Using Capital Letters
We can write each letter of the English alphabet as a small letter (abc...) or as a large or capital letter (ABC...). Here is a full list of capital letters.
In English, we do NOT use capital letters very much. We use them mainly for the first letter of sentences, names, days and months as well as for some abbreviations. We always write the first person pronoun as a capital I.
It is not usual to write whole sentences in capitals. A sentence or paragraph written in capitals is very difficult to read. Did you ever see a book written in capital letters? Of course not! We cannot easily read lots of text in capital letters. Lawyers, for example, know that capitals are difficult to read and that is why they often write contracts in capital letters!
When do we Use Capital Letters?
1. Use a capital letter for the personal pronoun 'I':
- What can I say?
2. Use a capital letter to begin a sentence or to begin speech:
- The man arrived. He sat down.
- Suddenly Mary asked, "Do you love me?"
3. Use capital letters for many abbreviations and acronyms:
- G.M.T. or GMT (Greenwich Mean Time)
- N.A.T.O. or NATO or Nato (North Atlantic Treaty Organization)
4. Use a capital letter for days of the week, months of the year, holidays:
- Monday, Tuesday
- January, February
- Armistice Day
5. Use a capital letter for countries, languages & nationalities, religions:
- China, France
- Japanese, English
- Christianity, Buddhism
6. Use a capital letter for people's names and titles:
- Anthony, Ram, William Shakespeare
- Professor Jones, Dr Smith
- Captain Kirk, King Henry VIII
7. Use a capital letter for trade-marks and names of companies and other organizations:
- Pepsi Cola, Walkman
- Microsoft Corporation, Toyota
- the United Nations, the Red Cross
8. Use a capital letter for places and monuments:
- London, Paris, the Latin Quarter
- the Eiffel Tower, St Paul's Cathedral
- Buckingham Palace, the White House
- Oxford Street, Fifth Avenue
- Jupiter, Mars, Sirius
- Asia, the Middle East, the North Pole
9. Use a capital letter for names of vehicles like ships, trains and spacecraft:
- the Titanic
- the Orient Express, the Flying Scotsman
- Challenger 2, the Enterprise
10. Use a capital letter for titles of books, poems, songs, plays, films etc:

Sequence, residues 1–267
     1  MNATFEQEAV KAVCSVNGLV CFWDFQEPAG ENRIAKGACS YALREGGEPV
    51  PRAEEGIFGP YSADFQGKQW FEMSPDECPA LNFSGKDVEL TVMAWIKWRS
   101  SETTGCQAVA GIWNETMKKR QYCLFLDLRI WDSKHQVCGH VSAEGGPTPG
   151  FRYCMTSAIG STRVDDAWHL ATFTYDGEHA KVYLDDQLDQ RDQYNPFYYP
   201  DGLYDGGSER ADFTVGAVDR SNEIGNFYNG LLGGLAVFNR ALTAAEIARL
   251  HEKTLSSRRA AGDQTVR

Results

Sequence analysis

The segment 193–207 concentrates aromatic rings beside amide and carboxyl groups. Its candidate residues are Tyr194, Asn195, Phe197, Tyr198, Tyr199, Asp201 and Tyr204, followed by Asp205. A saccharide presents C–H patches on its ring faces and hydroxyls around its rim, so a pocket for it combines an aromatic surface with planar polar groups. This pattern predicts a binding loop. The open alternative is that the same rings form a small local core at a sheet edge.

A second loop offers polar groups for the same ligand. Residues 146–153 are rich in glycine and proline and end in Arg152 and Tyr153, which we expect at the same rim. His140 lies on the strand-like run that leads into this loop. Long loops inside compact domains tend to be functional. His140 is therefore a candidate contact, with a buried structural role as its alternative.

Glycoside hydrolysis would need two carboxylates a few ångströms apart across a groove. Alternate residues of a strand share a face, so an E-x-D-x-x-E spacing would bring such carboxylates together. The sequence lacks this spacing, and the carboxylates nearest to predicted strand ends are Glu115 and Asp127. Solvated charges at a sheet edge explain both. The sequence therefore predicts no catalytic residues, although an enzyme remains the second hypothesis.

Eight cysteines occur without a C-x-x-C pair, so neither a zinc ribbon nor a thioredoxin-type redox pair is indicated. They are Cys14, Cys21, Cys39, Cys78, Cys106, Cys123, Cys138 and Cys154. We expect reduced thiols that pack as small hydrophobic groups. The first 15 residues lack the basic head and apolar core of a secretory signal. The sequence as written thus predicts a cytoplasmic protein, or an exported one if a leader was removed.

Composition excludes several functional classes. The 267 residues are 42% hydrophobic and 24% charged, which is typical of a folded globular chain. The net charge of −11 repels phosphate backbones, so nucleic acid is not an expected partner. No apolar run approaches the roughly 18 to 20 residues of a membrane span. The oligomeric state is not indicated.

- War And Peace
- If, Futility
- Like a Virgin
- The Taming of the Shrew
- The Lion King, Gone With The Wind
11. Use capital letters (sometimes!) for headings, titles of articles, books etc, and newspaper headlines:
- HOW TO WIN AT POKER
- Chapter 2: CLINTON'S EARLY LIFE
- LIFE FOUND ON MARS!
- MAN BITES DOG
Why is Solid Text in Capital Letters (ALL CAPS) Difficult to Read?
Why are texts written completely in capitals more difficult to read than texts in the usual mix of capital and small letters? There are several reasons, including:
- At least for native English speakers, children usually learn to read and write small letters before capital letters.
- In English, capital letters give us many visual clues, such as the start of a sentence or a proper noun.
- For the same type size, capital letters are usually wider than small letters and therefore take up more space, causing the eye to travel further.
- Words written in capital letters have no "shape". Words with small letters go up and down. Some small letters have "ascenders" (like the letter b). They go up. Some small letters have "descenders" (like the letter p). They go down. Some small letters have no ascender or descender. They stay in the middle. So small letters vary in height. But all capital letters are the same height (BP). When we read text, especially when we read fast, we do not read each individual letter. Instead, we read whole words and phrases. And we recognize these words and phrases partly by their shape.
A word written with small letters has a special "shape". Look at these words. They have different shapes:
But a word written all in capital letters has no special shape. Look at these words. They have the same shape:
The I Song
This fun song by Jonathan Taylor is about the importance of using a "capital I" for the personal pronoun "I", as in:
- Do you know where I live?
Do you know where i live?")
- I think I'm going to sleep.
I think i'm going to sleep.")
The I Song LYRICS
Hi, I am the I
And when I'm alone
I reach the sky
I said hi,
I am the I
And when I'm alone
I stand high
But baby when
you need to
Yeah baby when
in your word
That's when I
need to shrink
I said hi,
I'm the I